Faculty inquiry is a form of professional development by which faculty identify and investigate questions about their students’ learning and/or about their own professional practices. The inquiry process is ongoing, informed by evidence of student learning and undertaken in a collaborative setting. Findings from the process come back in the form of new curricula, new assessments, and new pedagogies. Faculty may then want to investigate methods and venues for presenting their findings to the larger professional community. The core work of faculty inquiry involves instructors asking questions about the teaching and learning that goes on in their own classrooms; seeking answers by consulting the literature, gathering and analyzing evidence, and engaging students in the process whenever possible; using what they find out to improve the experience of their students; and sharing this work with colleagues so that they and their students can benefit too. Usually, questioning begins with a problem the instructor has perceived—something that’s not going right. (Mary Huber, The Promise of Faculty Inquiry for Teaching and Learning Basic Skills, 13)
“SWIG FIG”— this group will explore the pedagogy of collaboration and integration*, especially with respect to designing effective integrative assignments for SWIG and other HIPs. Participants: Kathleen Wentrak, Jean Amaral, Jillian Abbott, Alisa Cercone, Barbara Lynch.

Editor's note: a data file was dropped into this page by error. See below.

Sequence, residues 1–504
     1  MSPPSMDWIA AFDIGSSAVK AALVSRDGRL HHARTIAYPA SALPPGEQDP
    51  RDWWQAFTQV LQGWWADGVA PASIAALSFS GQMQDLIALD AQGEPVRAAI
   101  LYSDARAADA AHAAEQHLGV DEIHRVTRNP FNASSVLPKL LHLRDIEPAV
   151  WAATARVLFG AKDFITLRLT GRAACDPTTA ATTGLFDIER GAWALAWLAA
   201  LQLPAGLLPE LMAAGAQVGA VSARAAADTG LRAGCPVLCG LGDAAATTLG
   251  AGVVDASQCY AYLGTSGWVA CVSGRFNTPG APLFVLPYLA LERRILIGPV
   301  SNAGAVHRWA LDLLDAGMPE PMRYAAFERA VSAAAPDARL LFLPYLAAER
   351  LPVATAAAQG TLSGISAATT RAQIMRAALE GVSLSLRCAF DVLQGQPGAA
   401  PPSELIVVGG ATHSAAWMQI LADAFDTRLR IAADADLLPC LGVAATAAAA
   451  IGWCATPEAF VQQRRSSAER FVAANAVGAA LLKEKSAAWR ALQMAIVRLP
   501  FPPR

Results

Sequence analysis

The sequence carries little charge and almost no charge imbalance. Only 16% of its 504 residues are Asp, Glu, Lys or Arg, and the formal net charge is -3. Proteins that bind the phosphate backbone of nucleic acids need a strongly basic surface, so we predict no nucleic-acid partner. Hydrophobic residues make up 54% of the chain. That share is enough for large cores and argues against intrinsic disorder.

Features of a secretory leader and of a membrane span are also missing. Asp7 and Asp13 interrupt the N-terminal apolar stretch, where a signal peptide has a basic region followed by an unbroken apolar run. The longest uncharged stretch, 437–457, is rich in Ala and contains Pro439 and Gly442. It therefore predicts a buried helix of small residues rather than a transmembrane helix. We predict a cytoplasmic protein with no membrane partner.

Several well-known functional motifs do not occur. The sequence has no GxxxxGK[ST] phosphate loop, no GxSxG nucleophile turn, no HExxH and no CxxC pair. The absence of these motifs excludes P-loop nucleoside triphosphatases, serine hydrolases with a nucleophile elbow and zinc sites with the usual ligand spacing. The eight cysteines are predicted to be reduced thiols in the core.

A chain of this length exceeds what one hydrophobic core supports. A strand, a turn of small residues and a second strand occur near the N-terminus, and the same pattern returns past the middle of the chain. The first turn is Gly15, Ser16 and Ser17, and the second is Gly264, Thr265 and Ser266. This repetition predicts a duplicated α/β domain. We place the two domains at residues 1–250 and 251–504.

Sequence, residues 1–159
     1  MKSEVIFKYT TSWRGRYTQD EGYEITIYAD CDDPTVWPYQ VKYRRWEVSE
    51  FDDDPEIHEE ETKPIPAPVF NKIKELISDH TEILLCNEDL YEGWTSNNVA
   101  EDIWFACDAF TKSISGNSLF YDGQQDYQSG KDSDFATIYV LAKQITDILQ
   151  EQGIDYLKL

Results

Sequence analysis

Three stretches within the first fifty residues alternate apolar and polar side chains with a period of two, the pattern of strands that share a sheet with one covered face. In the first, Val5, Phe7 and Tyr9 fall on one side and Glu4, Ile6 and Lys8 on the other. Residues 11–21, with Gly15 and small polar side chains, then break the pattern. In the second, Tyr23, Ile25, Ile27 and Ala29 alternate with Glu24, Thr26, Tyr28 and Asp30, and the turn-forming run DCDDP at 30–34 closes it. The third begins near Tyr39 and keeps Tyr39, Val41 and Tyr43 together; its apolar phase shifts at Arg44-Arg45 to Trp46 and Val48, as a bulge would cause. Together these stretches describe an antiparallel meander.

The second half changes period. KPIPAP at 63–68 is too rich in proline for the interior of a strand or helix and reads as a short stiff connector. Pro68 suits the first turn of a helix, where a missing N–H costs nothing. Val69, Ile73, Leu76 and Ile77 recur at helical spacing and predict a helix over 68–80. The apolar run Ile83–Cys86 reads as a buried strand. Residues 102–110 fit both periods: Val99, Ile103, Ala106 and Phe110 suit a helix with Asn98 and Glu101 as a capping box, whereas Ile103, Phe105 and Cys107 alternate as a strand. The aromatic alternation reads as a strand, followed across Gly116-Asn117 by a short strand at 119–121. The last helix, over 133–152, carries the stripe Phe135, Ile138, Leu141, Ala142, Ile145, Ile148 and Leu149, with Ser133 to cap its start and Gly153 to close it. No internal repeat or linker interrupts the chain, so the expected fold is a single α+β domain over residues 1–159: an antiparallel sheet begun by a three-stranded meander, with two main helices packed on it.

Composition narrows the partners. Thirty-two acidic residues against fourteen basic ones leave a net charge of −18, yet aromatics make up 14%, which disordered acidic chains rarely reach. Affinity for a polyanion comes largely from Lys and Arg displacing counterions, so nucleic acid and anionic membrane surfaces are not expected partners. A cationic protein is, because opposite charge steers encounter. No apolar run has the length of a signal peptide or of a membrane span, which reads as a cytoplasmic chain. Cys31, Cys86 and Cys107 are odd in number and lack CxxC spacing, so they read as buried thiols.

Improving students’ pass rates in courses requiring math – the FIG will examine how/if proficiency in remedial algebra (as determined by CUNY exit standards) correlates with success in introductory courses across disciplines requiring math. Participants: Jonathan Cornick, Karan Puri, Michael Guy, Carolyn King, Amy Traver, Vazgen Shekoyan, Urszula Golebiewska, Tirandai Hemraj-Benny, Derek Bruzewicz.
Creating an Effective Pedagogical Research Design* – determining the effectiveness of their teaching methods by creating formal research projects to measure outcomes is the goal of this FIG. Each participant will focus on her own teaching project, share her process with the larger group, and provide/receive feedback from other participants and facilitator during the 3-4 meetings during each semester. Participants: Dona Boccio, Aviva Geismar, Julita Haber, Christine Kim, Nina Sarkar, Mangala Tawde.
Pedagogy and Technology – reversing the order of typical technology-focused faculty development, the FIG will begin with the student learning outcomes faculty want to foster and then identify technologies that will provide opportunities for students to achieve those outcomes. Participants: Urszula Golebiewska, Jean Amaral, Franca Ferrari-Bridgers, Sandy Marcus.
Cross-disciplinary Listening Assessment – facilitated by faculty from the Speech Dept who are currently using a listening assessment instrument, this FIG will explore students’ listening needs in other disciplines and adapt the current assessment tool to other listening assessment contexts. Participants: Barbara Lynch, Rosanne Vogel, Franca Ferrari.
All groups will present their findings during a SP15 workshop/event hosted by CETL. Proposed products of these inquiries include C3iRG grant application, journal article(s), pedagogically sound assignments & syllabi for HIPs courses, and reliable evidence of the effectiveness of specified teaching methods.